At the turn of the eighteenth and nineteenth centuries, three Scotsmen, Thomas Munro, John Malcolm, and Mountstuart Elphinstone, rose in the service of the East India Company to become respected and influential officials. McLaren explores connections between their career building ambitions and their development of strategies of Indian governance based on Scottish enlightenment conceptions of government, religion, law, and political economy. Exploring the interwoven careers of the three men, McLaren presents a new perspective on their use of Indian language skills and Indian knowledge and articulately written reports to gain promotion. This perspective compels a reexamination of the orthodox representation of their school of thought as largely pragmatic and conservative. McLaren’s work will further the understanding of British imperialism in South Asia in the late eighteenth and early nineteenth centuries.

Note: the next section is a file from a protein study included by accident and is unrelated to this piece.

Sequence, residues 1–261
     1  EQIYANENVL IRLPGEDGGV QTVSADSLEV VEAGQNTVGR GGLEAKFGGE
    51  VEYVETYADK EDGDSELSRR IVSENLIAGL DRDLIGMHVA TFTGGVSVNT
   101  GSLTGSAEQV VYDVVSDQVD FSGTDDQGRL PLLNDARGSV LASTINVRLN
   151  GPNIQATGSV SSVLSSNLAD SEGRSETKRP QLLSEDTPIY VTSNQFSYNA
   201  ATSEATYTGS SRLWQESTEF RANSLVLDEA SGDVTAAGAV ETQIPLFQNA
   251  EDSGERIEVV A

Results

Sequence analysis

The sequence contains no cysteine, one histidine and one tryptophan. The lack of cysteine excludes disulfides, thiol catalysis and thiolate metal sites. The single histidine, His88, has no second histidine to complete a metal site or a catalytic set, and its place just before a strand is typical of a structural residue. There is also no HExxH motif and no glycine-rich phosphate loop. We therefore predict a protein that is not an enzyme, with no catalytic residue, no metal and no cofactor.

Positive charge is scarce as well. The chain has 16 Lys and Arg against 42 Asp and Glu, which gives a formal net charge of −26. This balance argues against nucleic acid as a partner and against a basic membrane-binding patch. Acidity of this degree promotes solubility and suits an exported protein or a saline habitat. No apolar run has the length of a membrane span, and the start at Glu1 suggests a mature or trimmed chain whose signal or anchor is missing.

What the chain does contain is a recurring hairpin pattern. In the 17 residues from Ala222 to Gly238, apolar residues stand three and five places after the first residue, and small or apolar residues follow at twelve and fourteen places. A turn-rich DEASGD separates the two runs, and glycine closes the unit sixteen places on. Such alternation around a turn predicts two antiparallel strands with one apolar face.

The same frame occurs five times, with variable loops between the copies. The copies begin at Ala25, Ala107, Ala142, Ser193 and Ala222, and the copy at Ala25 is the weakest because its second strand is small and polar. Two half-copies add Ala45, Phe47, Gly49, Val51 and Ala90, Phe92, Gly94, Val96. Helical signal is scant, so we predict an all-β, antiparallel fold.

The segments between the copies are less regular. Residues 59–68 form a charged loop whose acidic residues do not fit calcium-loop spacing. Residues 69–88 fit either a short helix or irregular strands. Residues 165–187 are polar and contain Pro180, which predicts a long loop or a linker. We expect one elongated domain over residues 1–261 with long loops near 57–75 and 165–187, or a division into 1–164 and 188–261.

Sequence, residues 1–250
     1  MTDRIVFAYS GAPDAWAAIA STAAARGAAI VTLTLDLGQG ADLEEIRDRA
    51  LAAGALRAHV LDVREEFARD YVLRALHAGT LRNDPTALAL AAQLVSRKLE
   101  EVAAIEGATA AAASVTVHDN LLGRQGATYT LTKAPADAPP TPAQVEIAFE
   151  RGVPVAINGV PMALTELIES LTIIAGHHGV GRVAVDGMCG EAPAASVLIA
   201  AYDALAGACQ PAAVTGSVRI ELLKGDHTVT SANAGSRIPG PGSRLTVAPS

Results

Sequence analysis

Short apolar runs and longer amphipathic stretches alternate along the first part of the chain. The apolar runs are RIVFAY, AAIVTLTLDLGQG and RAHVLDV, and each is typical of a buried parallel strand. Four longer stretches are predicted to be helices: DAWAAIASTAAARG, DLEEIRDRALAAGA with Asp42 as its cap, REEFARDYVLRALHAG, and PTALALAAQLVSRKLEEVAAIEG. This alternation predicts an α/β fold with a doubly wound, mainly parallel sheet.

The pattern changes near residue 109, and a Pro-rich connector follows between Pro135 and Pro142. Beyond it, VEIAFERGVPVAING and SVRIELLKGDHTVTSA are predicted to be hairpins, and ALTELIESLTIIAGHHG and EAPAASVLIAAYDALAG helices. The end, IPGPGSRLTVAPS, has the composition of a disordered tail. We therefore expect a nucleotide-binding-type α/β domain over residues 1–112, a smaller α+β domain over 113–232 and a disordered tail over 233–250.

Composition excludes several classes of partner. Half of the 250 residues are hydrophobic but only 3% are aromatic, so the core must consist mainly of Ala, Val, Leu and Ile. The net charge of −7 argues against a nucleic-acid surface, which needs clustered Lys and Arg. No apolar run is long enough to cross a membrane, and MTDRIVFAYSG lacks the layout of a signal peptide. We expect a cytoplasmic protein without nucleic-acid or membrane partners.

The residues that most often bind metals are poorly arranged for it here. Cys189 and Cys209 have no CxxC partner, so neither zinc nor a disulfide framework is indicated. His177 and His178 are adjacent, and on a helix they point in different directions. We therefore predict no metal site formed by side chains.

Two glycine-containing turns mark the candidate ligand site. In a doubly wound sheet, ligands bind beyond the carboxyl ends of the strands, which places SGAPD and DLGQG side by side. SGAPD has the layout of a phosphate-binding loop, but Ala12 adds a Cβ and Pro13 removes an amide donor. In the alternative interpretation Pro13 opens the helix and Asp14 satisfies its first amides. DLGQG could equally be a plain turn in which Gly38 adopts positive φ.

This [book] holds significance for scholars of intellectual history in the fields of both Britain and British colonial India. It shows well how the Scottish educational system, based on the Scottish Enlightenment, shaped the thinking and promotion rate of three important officials in the East India Company throughout their influential careers.
—Michael Fisher, Oberlin College
This is a valuable contribution to the field of British imperialism in South Asia. Scholars interested in the English-Scottish relations during this period, especially as they pertain to the empire, will also likely read this with profit.
—Lynn Zastoupil, Rhodes College